Gifted child? Study shows kids' IQs can change during the teen years

Think your kid is a genius? Maybe she is-for now. But according to a new study, that genius-level IQ score can, and probably will, change-especially during the teenage years.

The study, "Verbal and non-verbal intelligence changes in the teenage brain," which was published this week in the international journal "Nature," focused on 33 kids age 12 to 16. Researchers at the University College London used neuroimaging to test whether fluctuations in the kids' IQ test scores might be linked to brain development. They tested the same kids again four years later, and were surprised by the results: Though the group's average IQ remained about the same, some teens' scores had gone up by as much as 20 points, while others had fallen by nearly as much.

"A change in 20 points is a huge difference," lead researcher Cathy Price told in an email interview. "If an individual moved from an IQ of 110 to an IQ of 130, they move from being 'average' to 'gifted.' And if they moved from 104 to 84, they move from being 'high average' to 'below average'."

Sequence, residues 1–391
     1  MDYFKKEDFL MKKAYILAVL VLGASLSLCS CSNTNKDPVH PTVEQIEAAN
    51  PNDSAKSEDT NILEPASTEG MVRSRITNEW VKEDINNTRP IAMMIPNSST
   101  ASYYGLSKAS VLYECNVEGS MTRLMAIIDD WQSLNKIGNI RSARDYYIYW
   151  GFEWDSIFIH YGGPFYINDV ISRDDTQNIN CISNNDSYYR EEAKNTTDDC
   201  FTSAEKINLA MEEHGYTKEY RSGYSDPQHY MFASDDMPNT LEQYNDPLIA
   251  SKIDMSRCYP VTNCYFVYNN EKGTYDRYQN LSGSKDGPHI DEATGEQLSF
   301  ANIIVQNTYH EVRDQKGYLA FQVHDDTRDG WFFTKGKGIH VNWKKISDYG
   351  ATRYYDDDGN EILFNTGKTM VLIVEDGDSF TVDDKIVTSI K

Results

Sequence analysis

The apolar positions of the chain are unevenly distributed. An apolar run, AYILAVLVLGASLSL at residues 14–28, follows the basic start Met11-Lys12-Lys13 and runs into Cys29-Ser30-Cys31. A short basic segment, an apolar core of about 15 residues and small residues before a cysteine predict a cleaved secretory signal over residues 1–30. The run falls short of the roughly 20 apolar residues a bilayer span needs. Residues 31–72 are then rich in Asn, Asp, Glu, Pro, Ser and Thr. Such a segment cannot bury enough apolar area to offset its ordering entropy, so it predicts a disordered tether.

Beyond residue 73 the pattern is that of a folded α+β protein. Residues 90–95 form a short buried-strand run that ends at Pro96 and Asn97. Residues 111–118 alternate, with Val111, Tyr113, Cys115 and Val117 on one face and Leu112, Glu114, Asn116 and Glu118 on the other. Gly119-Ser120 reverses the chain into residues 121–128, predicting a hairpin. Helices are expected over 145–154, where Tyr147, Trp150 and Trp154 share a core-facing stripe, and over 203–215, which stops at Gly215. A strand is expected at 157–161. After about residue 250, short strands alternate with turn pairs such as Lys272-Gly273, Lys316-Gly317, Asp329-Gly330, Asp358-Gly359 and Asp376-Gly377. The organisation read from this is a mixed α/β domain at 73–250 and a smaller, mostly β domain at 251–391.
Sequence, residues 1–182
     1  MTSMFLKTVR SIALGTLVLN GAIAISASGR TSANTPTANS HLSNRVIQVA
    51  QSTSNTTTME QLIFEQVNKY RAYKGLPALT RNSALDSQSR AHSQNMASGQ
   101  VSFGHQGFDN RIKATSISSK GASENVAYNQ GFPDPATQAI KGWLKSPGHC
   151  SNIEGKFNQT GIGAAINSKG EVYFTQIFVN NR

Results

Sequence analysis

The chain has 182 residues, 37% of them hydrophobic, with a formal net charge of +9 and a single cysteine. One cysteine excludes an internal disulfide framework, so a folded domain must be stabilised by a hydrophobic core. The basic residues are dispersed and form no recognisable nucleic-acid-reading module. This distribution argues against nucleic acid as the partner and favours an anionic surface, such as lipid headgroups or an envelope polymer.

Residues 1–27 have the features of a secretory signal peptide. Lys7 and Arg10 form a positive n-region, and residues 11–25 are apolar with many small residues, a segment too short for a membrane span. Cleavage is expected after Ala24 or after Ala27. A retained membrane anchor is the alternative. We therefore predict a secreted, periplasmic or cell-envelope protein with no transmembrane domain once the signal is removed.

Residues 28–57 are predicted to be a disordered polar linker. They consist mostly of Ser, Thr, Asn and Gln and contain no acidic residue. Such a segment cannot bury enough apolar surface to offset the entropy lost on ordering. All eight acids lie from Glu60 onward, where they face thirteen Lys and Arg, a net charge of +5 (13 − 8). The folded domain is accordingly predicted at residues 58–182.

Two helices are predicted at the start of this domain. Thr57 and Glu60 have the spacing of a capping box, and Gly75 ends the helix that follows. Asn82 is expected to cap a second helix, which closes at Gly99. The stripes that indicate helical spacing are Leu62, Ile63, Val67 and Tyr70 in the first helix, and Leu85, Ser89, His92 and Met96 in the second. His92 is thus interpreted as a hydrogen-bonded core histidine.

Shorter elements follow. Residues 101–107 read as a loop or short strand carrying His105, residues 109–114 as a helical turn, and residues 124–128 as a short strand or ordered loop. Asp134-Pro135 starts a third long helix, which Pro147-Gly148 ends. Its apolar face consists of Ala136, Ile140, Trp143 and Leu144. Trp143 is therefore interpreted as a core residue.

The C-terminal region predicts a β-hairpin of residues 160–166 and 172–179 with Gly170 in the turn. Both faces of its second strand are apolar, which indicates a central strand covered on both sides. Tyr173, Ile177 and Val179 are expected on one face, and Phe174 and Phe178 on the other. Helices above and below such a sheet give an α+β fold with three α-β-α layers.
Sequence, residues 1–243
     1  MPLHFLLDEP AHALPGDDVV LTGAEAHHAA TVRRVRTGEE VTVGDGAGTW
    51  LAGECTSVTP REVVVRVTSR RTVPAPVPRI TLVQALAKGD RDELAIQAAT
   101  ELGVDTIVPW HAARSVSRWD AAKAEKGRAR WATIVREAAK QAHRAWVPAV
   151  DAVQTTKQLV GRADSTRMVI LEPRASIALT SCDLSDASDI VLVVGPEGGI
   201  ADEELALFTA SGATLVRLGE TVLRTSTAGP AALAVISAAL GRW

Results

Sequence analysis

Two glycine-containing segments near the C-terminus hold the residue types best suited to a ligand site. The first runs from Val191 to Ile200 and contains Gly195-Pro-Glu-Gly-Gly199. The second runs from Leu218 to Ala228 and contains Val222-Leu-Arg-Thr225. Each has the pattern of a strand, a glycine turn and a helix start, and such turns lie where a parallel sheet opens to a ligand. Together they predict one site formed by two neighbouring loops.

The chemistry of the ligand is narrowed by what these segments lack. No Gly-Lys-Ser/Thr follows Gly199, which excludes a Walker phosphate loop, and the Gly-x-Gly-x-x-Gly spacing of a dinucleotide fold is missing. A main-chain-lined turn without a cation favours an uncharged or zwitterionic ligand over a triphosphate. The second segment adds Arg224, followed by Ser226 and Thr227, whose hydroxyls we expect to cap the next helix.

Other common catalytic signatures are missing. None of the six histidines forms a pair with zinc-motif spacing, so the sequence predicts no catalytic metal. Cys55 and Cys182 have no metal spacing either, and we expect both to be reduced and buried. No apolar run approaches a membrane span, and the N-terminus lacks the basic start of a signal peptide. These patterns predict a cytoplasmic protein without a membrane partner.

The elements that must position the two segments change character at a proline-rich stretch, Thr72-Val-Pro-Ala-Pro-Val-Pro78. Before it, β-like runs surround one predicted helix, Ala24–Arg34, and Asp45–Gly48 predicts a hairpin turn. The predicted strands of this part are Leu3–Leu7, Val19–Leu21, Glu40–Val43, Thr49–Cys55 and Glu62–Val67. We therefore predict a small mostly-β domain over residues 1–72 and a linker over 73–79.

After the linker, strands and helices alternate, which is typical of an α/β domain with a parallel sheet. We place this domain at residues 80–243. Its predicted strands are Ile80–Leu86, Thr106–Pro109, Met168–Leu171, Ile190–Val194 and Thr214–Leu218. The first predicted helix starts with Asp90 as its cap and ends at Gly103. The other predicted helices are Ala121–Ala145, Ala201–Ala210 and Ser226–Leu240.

After evaluating the brain scans and taking a close look at how a teenager's brain structure changes during adolescence, Price and her team noticed that they "were able to see that the degree to which their IQ had changed was proportional to the degree to which different parts of their brain had changed," Price explained to NPR.

The test subjects' verbal IQ scores were linked to the portion of the brain that's activated by speech, and the non-verbal IQ scores were affected by the part of the brain that deals with finger movement. And that's what was so surprising: "General verbal and non-verbal abilities are closely linked to the sensorimotor skills involved in learning," the researchers wrote in the study. One possible translation: Honing your learning skills may also up your IQ.

IQ has long been a controversial concept. Though some consider it an absolute and unchangeable measurement of a person's intelligence, others insist that it's more of tool to assess a person's knowledge and ability to think, and that it can change as a person matures. Other things-including a child's personality and the environment in which he or she is raised-can also have an effect on brain development, which in turn may lead to a change in IQ, the study suggests.

The bottom line is that a high IQ doesn't necessarily come with long-term bragging rights-and a low score early on shouldn't doom a child to a lifetime of low expectations. "This would be encouraging to those whose intellectual potential may improve," the researchers point out, "and would be a warning that early achievers may not maintain their potential."

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